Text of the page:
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Creating and Outputting Variables

Let's look at how variables are created and used in PHP. PHP is a weakly typed language, meaning that you don't have to declare a variable to be a particular type before using it. Instead, you can simply create it by giving it a name preceded by a dollar sign ($). For example, we'll eventually be able to determine dynamically how many days are in the month we're displaying, but for now we'll set an arbitrary value, as shown in Listing 3.

Listing 3—Creating a Variable

<html>
<head><title>Event Calendar</title></head>
<body>
<h1>This Month's Events</h1>
<?php

  $numberofdays = 31;
  echo ("The month in question has $numberofdays days in it.");

?>
</body>
</html>

Notice the echo() statement here. Rather than concatenating the strings of text with the variable, we've simply inserted the variable directly into the string. When PHP processes the page, it replaces the variable with the appropriate value, as shown in Figure 2.

Figure 2Figure 2 Displaying the value of a variable.

Of course, this capability could easily become a liability in a situation where you really wanted to output a string that includes a variable name. Fortunately, simply "escaping" the dollar sign with a backslash solves the problem, so the function

echo ("The variable name is \$numberofdays.");

outputs

The variable name is $numberofdays.

rather than

The variable name is 31.

You can also explicitly concatenate strings and variables using a period (.) as the concatenation character, like this:

echo ("The month in question has ".$numberofdays." days in it.");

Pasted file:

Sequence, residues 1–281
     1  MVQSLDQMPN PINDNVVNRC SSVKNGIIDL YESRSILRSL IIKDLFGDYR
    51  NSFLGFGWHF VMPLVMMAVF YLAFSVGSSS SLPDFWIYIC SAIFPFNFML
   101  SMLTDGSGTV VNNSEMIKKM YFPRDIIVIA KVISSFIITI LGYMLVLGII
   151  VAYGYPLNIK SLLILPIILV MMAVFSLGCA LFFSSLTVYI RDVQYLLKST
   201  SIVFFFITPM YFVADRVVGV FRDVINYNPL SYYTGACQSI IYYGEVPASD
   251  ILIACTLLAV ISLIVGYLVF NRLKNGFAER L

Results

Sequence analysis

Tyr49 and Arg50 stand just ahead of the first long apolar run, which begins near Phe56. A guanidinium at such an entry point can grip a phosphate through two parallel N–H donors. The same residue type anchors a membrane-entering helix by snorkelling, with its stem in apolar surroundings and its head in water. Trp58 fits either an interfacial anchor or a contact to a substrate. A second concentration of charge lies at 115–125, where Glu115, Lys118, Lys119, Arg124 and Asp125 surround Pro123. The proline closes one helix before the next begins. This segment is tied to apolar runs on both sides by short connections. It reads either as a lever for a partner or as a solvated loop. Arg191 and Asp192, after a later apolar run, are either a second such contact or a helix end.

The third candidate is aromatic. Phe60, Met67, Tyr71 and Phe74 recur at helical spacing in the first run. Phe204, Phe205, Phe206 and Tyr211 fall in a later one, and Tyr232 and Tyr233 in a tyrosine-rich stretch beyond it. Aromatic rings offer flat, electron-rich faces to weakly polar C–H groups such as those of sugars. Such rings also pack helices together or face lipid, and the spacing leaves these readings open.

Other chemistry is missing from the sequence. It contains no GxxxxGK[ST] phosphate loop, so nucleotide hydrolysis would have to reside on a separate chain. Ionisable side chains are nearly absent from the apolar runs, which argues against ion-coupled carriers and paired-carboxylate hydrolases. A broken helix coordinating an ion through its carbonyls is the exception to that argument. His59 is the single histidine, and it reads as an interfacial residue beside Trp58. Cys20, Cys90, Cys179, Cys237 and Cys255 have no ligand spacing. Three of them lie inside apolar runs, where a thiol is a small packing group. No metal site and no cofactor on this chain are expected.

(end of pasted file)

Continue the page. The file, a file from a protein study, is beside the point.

PHP recognizes eight different types of variables. The simplest are the primitive types, boolean, integer, float, and string, which behave just as they do in other languages. The other four consist of NULL, which is a variable with no value; resource, which we'll see in Part 2 of this series; object, which we'll see in Part 3; and array.

An array variable can hold multiple values, referencing them by a key value. That key can be an integer or a string value. For example, Listing 4 creates a simple array and then outputs one of the values:

Listing 4—Using a Simple Array

<html>
<head><title>Event Calendar</title></head>
<body>
<h1>This Month's Events</h1>
<?php

  $numberofdays = 31;

  $daysoftheweek = array("SUNDAY", "MONDAY", "TUESDAY",
              "WEDNESDAY", "THURSDAY", "FRIDAY",
              "SATURDAY");
  echo("Day number three is ".$daysoftheweek[3].".");

?>
</body>
</html>

In PHP, an array is zero-based, meaning that the first value has an index of 0. For this reason, day number 3 is actually the fourth item, as shown in Figure 3.

Figure 3Figure 3 Using an array.

In some cases, you want to create an array that uses strings as the index, so you can treat the array as a series of name-value pairs. You can do this by specifying the key when you create the array, as shown here:

$daysoftheweek = array("S"=>"SUNDAY", "M"=>"MONDAY", "T"=>"TUESDAY",
            "W"=>"WEDNESDAY", "R"=>"THURSDAY", "F"=>"FRIDAY",
            "SA"=>"SATURDAY");
echo("Day 'R' is ".$daysoftheweek["R"].".");

In each pair, such as "S"=>"SUNDAY", the first value is the key, and the second is the value.

Now that we've got some variables, let's do something with them.

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